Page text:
That would mean that if all 3,000 unexamined Ohio rape kits contained extractable DNA, several kits very likely could yield evidence leading to the identity of rapists.

We now have both the technology to analyze DNA evidence and a growing database of DNA profiles with which to compare this evidence. This system works, and it catches criminals. Let me share an example of how evidence from rape kits has led to the arrest of a rapist in Ohio. Last year, a Hamilton, Ohio man was convicted and sentenced to 25 years in prison for an April 1998 attack on a woman in a grocery store parking lot. Although a DNA sample from this rape was sent to the State crime lab 3 days after the attack, it took until November 2001—nearly 3½ years later—for scientists to analyze the sample and add it to the State's DNA database. Once this sample was added, a positive match was made and this rapist was prosecuted and put behind bars. Unfortunately, this victim had to wait 3 years for justice, while her rapist remained on the street. While this is an excellent example of how DNA has been used successfully to catch rapists, it also shows the critical need to promptly analyze the kits we have on hand. The longer this evidence sits around unanalyzed, the longer sex offenders will remain free—and free to potentially harm more victims.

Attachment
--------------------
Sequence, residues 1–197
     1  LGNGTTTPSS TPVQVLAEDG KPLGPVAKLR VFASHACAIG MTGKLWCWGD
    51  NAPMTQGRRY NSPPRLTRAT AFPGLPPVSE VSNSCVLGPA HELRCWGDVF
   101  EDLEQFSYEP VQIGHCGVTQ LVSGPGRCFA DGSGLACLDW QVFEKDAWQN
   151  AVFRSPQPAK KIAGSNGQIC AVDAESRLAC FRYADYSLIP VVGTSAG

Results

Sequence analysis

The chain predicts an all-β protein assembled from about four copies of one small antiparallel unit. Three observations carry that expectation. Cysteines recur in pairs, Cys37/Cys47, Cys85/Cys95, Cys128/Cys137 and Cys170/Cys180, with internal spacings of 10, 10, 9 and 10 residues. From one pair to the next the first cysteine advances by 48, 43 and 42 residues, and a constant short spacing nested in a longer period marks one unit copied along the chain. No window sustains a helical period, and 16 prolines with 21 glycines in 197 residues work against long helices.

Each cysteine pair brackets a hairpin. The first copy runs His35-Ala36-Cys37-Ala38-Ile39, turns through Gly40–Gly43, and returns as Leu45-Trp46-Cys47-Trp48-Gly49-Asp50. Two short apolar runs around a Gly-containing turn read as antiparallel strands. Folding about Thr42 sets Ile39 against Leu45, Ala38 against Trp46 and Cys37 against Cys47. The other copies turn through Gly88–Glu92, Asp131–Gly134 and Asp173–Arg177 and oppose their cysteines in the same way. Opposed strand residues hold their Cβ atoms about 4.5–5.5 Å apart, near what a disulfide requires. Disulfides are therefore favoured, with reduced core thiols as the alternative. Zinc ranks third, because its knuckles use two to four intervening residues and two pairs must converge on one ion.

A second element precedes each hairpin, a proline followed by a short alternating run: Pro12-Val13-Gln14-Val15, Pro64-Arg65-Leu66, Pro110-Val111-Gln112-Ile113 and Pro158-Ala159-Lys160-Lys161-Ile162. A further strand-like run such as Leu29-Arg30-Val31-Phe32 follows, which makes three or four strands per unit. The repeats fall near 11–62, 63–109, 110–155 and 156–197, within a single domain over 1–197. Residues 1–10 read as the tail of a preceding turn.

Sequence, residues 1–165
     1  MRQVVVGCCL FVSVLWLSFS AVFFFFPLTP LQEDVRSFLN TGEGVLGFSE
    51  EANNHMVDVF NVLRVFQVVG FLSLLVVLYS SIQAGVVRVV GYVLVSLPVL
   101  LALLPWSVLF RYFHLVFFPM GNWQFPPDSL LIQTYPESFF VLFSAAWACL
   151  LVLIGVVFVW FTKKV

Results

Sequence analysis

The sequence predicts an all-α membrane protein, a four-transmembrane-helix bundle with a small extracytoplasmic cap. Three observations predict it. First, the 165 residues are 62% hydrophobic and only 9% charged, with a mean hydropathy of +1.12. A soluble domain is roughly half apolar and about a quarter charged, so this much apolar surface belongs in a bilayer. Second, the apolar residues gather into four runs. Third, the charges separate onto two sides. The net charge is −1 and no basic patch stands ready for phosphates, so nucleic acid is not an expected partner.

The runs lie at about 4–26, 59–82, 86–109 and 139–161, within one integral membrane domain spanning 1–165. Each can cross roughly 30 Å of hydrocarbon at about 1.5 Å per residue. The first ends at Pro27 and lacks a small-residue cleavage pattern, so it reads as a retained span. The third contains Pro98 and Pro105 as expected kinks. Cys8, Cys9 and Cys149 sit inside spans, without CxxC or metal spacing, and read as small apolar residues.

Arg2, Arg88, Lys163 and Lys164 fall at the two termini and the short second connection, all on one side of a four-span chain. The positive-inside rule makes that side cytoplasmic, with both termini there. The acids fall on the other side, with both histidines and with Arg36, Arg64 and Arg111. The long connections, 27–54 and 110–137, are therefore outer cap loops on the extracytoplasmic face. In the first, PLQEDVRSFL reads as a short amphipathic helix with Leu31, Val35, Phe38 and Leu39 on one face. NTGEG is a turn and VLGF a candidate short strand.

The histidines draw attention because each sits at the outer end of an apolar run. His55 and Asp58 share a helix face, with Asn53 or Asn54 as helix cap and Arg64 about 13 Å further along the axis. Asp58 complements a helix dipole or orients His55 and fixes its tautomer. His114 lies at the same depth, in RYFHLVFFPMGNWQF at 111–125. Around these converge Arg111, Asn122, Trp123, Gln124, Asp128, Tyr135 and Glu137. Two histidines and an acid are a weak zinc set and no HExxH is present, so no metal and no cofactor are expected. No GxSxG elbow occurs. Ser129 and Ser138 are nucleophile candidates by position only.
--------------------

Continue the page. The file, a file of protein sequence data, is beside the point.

The Rape Kits and DNA Evidence Backlog Elimination Act would help to address the issues I have just outlined, particularly those involving the collection and processing of DNA evidence. We owe it to rape victims, as well as to our society as a whole, to do all we can to apprehend and prosecute sex offenders. To this end, title I would do several important things. Specifically, and perhaps most importantly, this bill would extend the authorization for the DNA Analysis Backlog Elimination Act of 2000. This law, of which I was one of the chief Senate sponsors, aims to reduce the backlog of unanalyzed DNA samples in forensic laboratories across the United States. Unfortunately, the authorization for the grant programs established under the act will expire soon, but many States still have a long way to go to clear their DNA evidence backlogs. The Rape Kits and DNA Evidence Backlog Elimination Act would extend that authorization, while also increasing the funds authorized for grants under the Act. This would help States to further reduce their DNA evidence backlogs, processing crucial evidence that could bring criminals to justice.

Furthermore, title I would expand CODIS, our national DNA database. The expansion of this database is important, since the larger the database, the more likely it is that State crime laboratories will be able to match DNA evidence to offenders.